Thursday, June 21, 2012

Barry Eichengreen on crosses of gold and euros

Barry Eichengreen wrote a major study of the gold standard before and during the Great Depression, Golden Fetters: The Gold Standard and the Great Depression, 1919-1929 (1995). He explains the ways in which the gold standard contributed to the onset of the Great Depression and complicated efforts to combat it.

His study won't give much encouragement to monetarist theories, and certainly not to crackpot goldbug ideas. He does a good job at showing the depression as having multi-faceted causes as he fits the role that the gold standard played into the larger picture. He argues that the pre-First World War gold standard provided considerable currency stability from roughly 1871 until the outbreak of the Great War. And he makes the case that the stability was largely due to the cooperation between the financial systems of the three key financial powers of that period, Britain, France and Germany.

After the war, attempts to restore international financial stability focused heavily on restoring the gold standard, which leaders private and public identified with stability based on the prewar experience. But the world had changed in ways that made the international cooperation necessary for the gold standard to work as expected far less likely. Not least among them were complications arising from German war reparations and the vastly enhanced role of the United States in international finance.

The hyperinflation that affected various countries, most famously Germany, provided a major incentive for sufficient international cooperation to achieve stability in the context of a renewal of the gold standard. But Eichengreen shows that this enhanced the fixation of leaders on the gold standard itself, rather than the international cooperation, as a guarantor of stability. And maintaining the gold standard came to be seen by investors as a sign of financial responsibility, requiring among other things balanced budgets.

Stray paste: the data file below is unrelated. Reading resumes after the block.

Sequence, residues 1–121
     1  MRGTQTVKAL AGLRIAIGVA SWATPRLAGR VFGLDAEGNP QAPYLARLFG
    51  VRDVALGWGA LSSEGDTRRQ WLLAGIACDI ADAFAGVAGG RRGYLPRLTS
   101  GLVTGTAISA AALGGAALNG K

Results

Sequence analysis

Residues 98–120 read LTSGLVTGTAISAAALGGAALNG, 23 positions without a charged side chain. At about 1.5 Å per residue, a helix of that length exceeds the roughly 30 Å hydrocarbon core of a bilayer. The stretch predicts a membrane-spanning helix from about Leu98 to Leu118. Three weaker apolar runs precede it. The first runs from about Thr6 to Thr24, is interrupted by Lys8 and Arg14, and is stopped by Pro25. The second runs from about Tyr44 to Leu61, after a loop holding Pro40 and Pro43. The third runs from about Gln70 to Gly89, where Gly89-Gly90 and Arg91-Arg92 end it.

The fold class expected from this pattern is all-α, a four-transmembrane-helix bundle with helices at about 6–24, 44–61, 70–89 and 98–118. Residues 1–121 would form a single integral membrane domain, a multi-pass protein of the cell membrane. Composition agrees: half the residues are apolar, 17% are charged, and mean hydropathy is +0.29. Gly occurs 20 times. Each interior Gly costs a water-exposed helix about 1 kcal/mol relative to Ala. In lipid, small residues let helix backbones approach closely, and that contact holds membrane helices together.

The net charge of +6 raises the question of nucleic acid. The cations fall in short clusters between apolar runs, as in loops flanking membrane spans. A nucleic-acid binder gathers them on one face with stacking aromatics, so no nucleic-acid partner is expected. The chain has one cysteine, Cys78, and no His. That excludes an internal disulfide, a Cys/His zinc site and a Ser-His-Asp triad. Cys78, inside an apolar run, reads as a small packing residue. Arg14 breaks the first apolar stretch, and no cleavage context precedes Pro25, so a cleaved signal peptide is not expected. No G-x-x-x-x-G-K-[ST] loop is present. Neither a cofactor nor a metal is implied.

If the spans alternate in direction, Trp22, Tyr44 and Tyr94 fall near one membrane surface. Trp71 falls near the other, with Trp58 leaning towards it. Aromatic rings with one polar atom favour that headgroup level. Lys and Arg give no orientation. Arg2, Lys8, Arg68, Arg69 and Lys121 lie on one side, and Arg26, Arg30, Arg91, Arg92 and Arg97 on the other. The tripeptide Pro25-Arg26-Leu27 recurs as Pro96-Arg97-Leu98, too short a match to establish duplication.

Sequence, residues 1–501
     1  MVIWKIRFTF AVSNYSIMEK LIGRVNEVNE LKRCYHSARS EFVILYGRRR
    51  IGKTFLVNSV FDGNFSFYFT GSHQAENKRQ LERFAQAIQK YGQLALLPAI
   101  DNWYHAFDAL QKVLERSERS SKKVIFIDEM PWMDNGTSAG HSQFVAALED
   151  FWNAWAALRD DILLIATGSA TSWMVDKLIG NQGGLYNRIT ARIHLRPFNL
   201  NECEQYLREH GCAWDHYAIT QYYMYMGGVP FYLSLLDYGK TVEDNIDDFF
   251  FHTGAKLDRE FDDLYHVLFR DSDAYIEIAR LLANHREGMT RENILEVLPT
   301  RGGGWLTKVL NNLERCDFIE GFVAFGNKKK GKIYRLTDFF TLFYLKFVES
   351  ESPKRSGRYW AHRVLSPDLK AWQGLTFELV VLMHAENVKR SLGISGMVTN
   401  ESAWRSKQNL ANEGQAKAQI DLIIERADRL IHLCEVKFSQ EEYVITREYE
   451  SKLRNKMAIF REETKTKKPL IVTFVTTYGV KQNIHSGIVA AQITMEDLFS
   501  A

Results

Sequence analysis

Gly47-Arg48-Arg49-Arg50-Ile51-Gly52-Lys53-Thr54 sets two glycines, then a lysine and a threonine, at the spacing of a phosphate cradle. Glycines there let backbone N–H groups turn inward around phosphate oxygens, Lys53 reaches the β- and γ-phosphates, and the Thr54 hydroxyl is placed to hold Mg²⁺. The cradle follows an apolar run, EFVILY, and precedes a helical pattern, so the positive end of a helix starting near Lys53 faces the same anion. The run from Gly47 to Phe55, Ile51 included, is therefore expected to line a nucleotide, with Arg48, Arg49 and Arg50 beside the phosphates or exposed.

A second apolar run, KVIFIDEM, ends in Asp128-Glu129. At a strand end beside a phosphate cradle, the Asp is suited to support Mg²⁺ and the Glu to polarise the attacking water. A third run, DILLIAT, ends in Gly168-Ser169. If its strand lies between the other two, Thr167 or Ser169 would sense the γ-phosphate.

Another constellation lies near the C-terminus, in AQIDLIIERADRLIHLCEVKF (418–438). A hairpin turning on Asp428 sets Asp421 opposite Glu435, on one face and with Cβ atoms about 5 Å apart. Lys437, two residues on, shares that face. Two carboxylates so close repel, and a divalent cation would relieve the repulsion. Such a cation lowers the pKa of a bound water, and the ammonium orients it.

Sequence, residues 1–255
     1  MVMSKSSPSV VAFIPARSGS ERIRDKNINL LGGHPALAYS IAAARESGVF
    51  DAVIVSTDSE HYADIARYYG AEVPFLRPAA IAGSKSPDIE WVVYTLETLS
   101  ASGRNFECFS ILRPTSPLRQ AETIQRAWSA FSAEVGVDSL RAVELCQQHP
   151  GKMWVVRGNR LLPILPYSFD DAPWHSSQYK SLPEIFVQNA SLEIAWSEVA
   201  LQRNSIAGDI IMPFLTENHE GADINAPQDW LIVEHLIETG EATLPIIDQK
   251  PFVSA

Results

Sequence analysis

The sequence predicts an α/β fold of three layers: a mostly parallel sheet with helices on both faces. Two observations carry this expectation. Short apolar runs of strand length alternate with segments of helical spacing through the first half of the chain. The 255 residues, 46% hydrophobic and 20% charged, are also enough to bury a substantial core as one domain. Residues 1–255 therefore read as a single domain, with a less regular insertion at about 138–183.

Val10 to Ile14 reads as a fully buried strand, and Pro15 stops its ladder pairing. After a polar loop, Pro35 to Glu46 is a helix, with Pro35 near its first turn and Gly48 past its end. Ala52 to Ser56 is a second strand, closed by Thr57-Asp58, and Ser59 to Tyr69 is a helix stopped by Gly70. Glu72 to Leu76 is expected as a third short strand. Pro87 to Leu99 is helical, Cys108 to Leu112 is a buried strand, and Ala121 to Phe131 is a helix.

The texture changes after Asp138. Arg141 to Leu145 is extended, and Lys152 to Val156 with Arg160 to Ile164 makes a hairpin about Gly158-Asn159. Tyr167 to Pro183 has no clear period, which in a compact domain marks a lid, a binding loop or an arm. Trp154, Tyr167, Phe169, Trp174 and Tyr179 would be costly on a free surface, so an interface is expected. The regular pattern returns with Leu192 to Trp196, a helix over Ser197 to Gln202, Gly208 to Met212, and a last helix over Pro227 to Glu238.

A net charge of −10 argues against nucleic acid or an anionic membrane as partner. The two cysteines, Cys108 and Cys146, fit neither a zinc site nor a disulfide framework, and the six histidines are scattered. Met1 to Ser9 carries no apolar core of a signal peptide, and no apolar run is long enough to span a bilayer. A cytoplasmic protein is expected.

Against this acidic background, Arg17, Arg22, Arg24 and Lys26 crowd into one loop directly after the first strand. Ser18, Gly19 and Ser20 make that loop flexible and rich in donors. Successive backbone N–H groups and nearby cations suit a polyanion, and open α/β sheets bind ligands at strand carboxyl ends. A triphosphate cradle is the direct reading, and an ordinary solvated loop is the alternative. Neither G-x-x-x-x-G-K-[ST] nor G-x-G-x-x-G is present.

This became a problem when the depression required counter-cyclical measures that would have required deficit spending. Other problems stemmed from national policies that "sterilized" gold inflows by counteracting the effect they would otherwise have had, thus violating one of the principle assumptions behind the expected benefits of the gold standard.

Eventually, the gold standard collapsed as countries that left the gold standard gained increased flexibility to employ counter-cyclical stimulus to combat deflation and restore economic activity. Argentina went off the gold standard in 1929, Germany in , Britain 1931, the US 1933 and France 1936.

Eichengreen explains various aspects of the process, warning repeatedly against focusing excessively on a single explanation. He deals with familiar financial categories like investor confidence and expectations and financial speculation. He looks at issues of demand and income distribution. He discusses ways in which the expansion of the franchise after the First World War gave labor in particular new avenues to press its claims in the political sphere upset the kind of prewar financial stability that central banks and the most powerful private bankers could arrange at the expense of labor and farmers. He even looks at ways in which the system of proportional representation may have exacerbated financial problems in those countries like Germany that adopted the more expansive forms of it.

Eichengreen and Peter Temin discussed the experience of the gold standard during the Great Depression in relationship to the euro crisis in Fetters of Gold and Paper (National Bureau of Economic Research; July 2010). Their description of the risks two years ago is holding up unfortunately well:

Fixed exchange rates facilitate business and communication in good times but
intensify problems when times are bad. We argue that the gold standard and the euro
share the attributes of the young lady described by Henry Wadsworth Longfellow